History of the Anglican church in Nelson from the coming of the white man to the establishment of the West Coast goldfields
Degree GrantorUniversity of Canterbury
Degree NameMaster of Arts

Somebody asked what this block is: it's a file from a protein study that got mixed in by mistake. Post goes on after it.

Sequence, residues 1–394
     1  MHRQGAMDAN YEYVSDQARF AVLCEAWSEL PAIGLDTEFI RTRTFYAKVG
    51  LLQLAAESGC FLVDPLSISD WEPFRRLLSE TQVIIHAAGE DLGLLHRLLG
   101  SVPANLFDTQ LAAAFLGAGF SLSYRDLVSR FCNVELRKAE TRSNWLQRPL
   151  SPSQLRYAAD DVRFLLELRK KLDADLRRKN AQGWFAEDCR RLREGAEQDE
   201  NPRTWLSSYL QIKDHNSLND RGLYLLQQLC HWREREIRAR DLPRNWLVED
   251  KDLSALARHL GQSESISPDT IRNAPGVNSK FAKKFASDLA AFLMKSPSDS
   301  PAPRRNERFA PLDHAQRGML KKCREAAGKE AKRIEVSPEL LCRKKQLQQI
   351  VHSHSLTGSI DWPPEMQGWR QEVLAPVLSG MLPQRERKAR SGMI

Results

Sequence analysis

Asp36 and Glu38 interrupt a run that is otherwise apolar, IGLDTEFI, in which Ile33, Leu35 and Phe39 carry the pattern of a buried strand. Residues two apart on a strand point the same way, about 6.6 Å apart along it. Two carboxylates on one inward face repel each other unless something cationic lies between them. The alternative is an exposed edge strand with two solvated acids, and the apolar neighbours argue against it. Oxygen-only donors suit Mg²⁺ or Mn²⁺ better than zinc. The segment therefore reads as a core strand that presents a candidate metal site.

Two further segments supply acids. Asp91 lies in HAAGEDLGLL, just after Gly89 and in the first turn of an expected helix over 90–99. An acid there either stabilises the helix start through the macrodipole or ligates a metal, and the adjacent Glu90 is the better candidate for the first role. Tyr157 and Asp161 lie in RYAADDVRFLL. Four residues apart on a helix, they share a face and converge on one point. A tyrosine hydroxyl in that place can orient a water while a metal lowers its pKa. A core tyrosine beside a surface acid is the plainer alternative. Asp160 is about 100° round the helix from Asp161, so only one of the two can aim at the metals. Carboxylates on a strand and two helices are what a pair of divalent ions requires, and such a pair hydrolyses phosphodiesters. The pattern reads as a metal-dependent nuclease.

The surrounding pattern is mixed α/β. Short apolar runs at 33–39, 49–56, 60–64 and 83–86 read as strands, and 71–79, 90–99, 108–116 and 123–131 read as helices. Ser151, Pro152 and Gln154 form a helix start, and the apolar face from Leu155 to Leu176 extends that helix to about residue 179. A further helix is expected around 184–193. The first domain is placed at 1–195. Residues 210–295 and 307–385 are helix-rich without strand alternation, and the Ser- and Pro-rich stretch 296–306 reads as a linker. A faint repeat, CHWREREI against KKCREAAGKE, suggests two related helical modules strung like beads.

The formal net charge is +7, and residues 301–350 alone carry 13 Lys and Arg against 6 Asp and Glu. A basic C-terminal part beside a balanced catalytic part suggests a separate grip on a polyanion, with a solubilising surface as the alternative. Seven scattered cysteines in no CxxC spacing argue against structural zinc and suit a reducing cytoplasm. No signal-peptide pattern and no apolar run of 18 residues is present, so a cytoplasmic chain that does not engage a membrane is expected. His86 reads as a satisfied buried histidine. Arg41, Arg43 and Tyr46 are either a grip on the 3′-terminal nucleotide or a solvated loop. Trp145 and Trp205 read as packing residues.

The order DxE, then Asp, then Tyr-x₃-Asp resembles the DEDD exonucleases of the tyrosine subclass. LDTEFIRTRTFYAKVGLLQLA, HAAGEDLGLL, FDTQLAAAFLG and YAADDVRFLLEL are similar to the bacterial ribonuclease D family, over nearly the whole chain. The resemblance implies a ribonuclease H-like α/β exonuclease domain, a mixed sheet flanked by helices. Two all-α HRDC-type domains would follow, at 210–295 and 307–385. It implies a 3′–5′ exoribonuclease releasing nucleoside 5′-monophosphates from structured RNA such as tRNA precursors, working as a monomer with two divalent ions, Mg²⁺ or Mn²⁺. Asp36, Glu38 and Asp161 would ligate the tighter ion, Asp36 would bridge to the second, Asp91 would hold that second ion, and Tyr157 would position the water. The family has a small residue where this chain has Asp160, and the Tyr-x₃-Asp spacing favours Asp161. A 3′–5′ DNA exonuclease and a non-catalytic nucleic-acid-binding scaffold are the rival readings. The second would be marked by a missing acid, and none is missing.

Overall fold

This work has been planned to sketch the history or the Anglican Church from the days of the whalers, before any organised settlement by Whites, up to the opening of the goldfields on the West Coast, and the establishment of towns there. So far, no history of the Diocese has been published but if Bishop Sadlier had not died in 1934, he would have undertaken the task. The period described covers the three phases of settlement in the Nelson Province - first, the expansion in the district round Nelson, secondly, in the Wairau and Awatere Valleys, and thirdly, on the West Coast. In the course of this thesis, I aim to show the part played by the Church in the foundation of the Nelson settlement, and the subsequent growth of the Church itself. Then follows the similar treatment of the churches as they were opened up in other areas of the Province. More particularly I have attempted to outline the achievements of the Church - its influence on education, Maori welfare, and on social life in general, as well as its constitutional achievements in the formation of the Diocese . For this purpose I have divided the thesis into two parts, the first dealing with the individual churches and their relations with their own particular environments. The second part is a survey of the Church as a whole in relation to the life of the settlement. I have considered it necessary to deal, as far as it is possible, with those topics separately from the history of the churches, and from the point of view of the Diocese as a whole. This question of arrangement I have found to be another difficult problem. The separation of the various aspects such as education, and constitutional development, might tend to impair unity, but it seemed to me the only method to obtain a clear view of the Church as a whole. Much of the detailed information in connection with the conflicts between the Bishops and the Church may seem to be unnecessary, but I feel it serves to emphasize the importance of the prominent characteristics of the early Nelson settlers - their strong Low Church and non-conformist sympathies and their sturdy independence. The present reference to a long series of meetings may be justified by the evidence they afford of the interest or Anglicans in their church affairs and of the nature of part of their social life. It also provides an interesting contrast to the Church at Home, which at the time had many undemocratic features. There, the tendency to become more Anglo-Catholic in doctrine, with a rigid hierarchy, a firm control over education, social life and morals, and even considerable influence over local government, provided a marked contrast to what was to happen in Nelson. Another marked feature was the similarity of functions of the Church then, as compared with to-day. Now, there is a number of organisations such as Mothers' meetings, Flower Guilds, elite Societies, to name only a few, which did not exist in the old days, because women were too busy in their homes. There, also, were no charitable institutions beyond those for the Maoris, but to-day, several orphanage schools contribute to the charitable and educational activities of the Province.